But fate still has a final hand to play. One night in a bohemian café in Montparnasse, Tatiana discovers she’s been the unknowing plaything of the Sainte-Vierge family. Hidden beneath their genteel exteriors, Gerard and his brother have a secret darker side, and her darling fiancé will gladly ruin Tatiana’s life to save his own reputation.

As Tatiana’s situation becomes ever more desperate, she crosses paths with an unlikely guardian angel. Serious, dark-haired Regan Dortmeyer is an American in Paris – a war photographer running from his own hard knocks in Hell’s Kitchen, New York. He’s no fancy French nobleman, but Regan has seen the lengths to which a wicked man like Gerard will go. As the consequences of her disastrous engagement threaten to swallow Tatiana up, he might be the only one who can save her now…

From the USA Today bestselling author of The Milliner’s SecretThe Paris Girl is a beautiful novel full of twists and turns, set against the breathtaking backdrop of 1920s Paris. Perfect for fans of Chanel Cleeton, Kathleen Tessaro and The Alice Network.  

French Village Diaries book review The Paris Girl Natalie Meg Evans
The Paris Girl blog tour banner

My Review:

This book gives you 1920’s Paris glamour, fashion and romance. From the swish of fabric, the latest colours and the attention to detail of accessories, often seen through the eye of a photographer, the excitement and anticipation of each new collection comes to life. There is the backstage drama, the rivalry and the Paris night life, all set alongside a complex family who are struggling to come to terms with their losses in Russia after the First World War. 

It is not easy to like Tatiana. Her tantrums, her emotional outbursts and the way she treats those around her; she is the perfect spoiled princess who is determined to marry into French aristocracy in order to secure her future. Where her older sister Katya (partner at the fashion house where Tatiana is a model) is strong and makes decisions for the good of those around her, Tatiana thinks only of herself. 

It is when Katya leaves Paris with her husband Harry Morten, under a shroud of secrecy, that Tatiana’s life begins to crumble. Her fiancé tricks her and his actions leave her alone and vulnerable, and without Katya in control, their mother retreats into herself and the fashion house struggles with the lack of direction. Snubbed by those she called her friends, it is American photographer Regan who has a knack of always being there to help pick up the pieces. As disaster after disaster befalls Tatiana, she begins to change for the better, but her road to recovery is a long one and she can’t seem to help but hurt those around her. Does she have the strength to undo all the wrongs she has done? Will Katya and Harry return in time to save the family and the business? This book kept me guessing.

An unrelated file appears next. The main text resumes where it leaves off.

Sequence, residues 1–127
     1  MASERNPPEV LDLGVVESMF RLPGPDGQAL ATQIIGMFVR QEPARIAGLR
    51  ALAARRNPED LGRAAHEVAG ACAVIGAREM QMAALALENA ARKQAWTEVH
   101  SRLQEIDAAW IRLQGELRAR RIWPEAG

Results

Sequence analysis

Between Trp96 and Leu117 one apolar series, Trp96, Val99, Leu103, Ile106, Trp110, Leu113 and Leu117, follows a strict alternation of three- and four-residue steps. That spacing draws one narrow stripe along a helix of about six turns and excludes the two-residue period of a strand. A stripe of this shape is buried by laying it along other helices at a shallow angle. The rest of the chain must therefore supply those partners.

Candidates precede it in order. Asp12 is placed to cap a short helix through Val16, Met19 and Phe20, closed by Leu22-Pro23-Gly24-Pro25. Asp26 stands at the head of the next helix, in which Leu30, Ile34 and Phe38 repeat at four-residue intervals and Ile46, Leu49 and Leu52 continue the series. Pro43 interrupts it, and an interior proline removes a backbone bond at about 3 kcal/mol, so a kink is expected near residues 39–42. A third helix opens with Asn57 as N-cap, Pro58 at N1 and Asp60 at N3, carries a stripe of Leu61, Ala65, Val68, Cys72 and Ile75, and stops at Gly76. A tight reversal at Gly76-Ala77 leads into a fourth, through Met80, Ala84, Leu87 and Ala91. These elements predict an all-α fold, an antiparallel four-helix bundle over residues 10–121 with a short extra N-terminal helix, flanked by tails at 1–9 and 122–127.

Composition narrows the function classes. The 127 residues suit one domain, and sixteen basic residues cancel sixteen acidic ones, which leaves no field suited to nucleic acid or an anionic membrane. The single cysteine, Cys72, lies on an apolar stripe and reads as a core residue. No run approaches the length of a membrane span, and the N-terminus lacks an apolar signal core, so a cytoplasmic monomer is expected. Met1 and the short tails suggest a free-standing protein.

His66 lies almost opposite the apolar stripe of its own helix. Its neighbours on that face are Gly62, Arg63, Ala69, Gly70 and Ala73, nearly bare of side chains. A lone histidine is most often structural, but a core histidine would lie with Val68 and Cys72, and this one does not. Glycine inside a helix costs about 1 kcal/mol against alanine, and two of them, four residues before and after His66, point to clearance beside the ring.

Having enjoyed The Secret Vow, where we followed Katya, Tatiana, their mother Irina and niece Anoushka’s journey from Russia to Paris, it was good to return and catch up with them once more.

If you enjoy historical fiction, this one, that opens the doors to Paris of another era, should be on your to-be-read list.

French Village Diaries book review The Paris Girl Natalie Meg Evans
Natalie Meg Evans

Author Bio:

Natalie Meg Evans has been an art student, actor, PR copywriter, book-keeper and bar tender but always wanted to write. A USA Today best-seller and RITA nominee, she is author of four published novels which follow the fortunes of strong-minded women during the 1930s and 40s. Fashion, manners and art are the glass through which her characters’ lives are viewed. Each novel is laced with passion, romance and desire. Mystery is never far away. An avid absorber of history – for her sixth birthday she got a toy Arthurian castle with plastic knights – Natalie views historical fiction as theatre for the imagination. Her novels delve behind the scenes of a prestige industry: high fashion, millinery, theatre, wine making. Rich arenas for love and conflict. Most at home in the English countryside, Natalie lives in rural Suffolk. She has one son.  

Monday, October 28, 2019

Poitiers Insolite

French Village Diaries Poitiers Insolite Parc de Blossac Toussaint
Floral display Parc de Blossac, Poitiers